• There has been a massive shift in media (and especially news) power to the leftist, liberal, statist BBC. British Sky Broadcasting (BSB) is still being prevented from being a viable broadcast competitor.
  • The whole media landscape in Britain has swung significantly to the left. One can’t help but wonder if this was the aim of the whole exercise. It could be important when the next election comes round.
  • Rupert Murdoch will now have trouble in the USA. If he wins the day he will return here to sell off his newspapers and to try again to buy BSB. There is no reason why he shouldn’t own it, he is just as fit to own a broadcaster as the BBC are.
  • A relatively small number of left wing online activists have wielded disproportionate power over events. It looks like most of the elected politicians haven’t the faintest idea what is going on here. This is now a far bigger threat to our democracy than the formal news media. MPs urgently need training in how the new media work. I wonder how many of them are on Google+, or even know what it is.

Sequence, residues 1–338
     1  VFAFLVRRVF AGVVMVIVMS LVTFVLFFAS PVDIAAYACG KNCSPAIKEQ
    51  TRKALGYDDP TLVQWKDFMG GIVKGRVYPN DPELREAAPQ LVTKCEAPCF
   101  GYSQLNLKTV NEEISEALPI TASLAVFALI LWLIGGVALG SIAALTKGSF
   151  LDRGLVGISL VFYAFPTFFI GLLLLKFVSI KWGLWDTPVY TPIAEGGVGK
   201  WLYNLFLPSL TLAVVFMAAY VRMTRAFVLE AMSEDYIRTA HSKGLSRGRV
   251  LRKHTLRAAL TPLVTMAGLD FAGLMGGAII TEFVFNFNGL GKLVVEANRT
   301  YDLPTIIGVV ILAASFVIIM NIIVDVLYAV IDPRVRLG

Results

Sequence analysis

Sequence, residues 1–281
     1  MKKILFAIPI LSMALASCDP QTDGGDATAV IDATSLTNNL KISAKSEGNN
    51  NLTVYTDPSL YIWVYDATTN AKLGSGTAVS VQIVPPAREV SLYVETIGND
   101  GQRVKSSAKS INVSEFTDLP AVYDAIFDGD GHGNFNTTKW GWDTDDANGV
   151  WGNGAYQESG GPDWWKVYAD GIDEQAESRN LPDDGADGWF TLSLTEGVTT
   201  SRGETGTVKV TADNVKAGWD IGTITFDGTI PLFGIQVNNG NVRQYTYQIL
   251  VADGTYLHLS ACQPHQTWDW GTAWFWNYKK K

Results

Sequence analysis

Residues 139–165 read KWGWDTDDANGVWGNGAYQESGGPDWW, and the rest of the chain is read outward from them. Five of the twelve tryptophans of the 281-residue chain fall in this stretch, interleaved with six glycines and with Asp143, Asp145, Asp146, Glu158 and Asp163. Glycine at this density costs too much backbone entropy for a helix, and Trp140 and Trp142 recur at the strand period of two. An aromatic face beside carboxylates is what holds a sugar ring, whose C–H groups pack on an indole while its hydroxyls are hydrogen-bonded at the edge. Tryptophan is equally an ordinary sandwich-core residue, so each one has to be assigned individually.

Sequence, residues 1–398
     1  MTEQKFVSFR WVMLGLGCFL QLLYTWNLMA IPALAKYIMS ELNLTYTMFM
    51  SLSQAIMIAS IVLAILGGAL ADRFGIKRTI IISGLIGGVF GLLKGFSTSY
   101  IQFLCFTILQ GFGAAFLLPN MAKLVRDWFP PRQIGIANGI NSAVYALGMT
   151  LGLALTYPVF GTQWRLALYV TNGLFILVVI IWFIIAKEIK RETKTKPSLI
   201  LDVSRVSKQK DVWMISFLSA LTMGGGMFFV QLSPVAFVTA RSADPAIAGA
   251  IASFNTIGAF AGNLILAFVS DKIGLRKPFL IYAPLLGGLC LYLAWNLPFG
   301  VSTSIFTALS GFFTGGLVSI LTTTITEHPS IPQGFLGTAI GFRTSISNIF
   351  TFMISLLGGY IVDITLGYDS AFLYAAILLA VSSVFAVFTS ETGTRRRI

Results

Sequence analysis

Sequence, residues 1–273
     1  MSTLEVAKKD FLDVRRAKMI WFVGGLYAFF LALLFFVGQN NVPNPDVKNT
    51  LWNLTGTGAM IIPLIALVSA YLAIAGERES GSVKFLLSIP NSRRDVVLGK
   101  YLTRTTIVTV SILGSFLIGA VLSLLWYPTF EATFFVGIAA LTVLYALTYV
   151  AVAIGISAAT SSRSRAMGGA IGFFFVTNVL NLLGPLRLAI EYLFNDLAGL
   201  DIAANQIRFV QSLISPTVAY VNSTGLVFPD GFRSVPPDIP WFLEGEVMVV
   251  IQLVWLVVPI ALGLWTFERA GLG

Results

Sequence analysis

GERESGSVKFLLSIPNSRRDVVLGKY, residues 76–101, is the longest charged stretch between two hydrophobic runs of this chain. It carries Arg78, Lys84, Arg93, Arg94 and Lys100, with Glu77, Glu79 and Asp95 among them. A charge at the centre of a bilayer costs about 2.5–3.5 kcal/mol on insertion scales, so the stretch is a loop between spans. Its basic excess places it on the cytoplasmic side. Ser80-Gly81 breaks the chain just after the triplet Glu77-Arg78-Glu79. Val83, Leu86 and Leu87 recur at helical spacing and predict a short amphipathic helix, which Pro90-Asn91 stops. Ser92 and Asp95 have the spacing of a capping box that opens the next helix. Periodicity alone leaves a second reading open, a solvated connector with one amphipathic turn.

• The police have been proven, once again, to be rotten and corrupt and unfit for the trust that some members of the public still place in them. Reform is urgently needed but they look to be too closely embedded into the establishment for this to be likely.

This actually represents a change to our unwritten constitution. And over the whole theatre of events it would be interesting to know who was really driving the agenda. There will be books written about this.

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2 Comments


  1. From today’s Telegraph: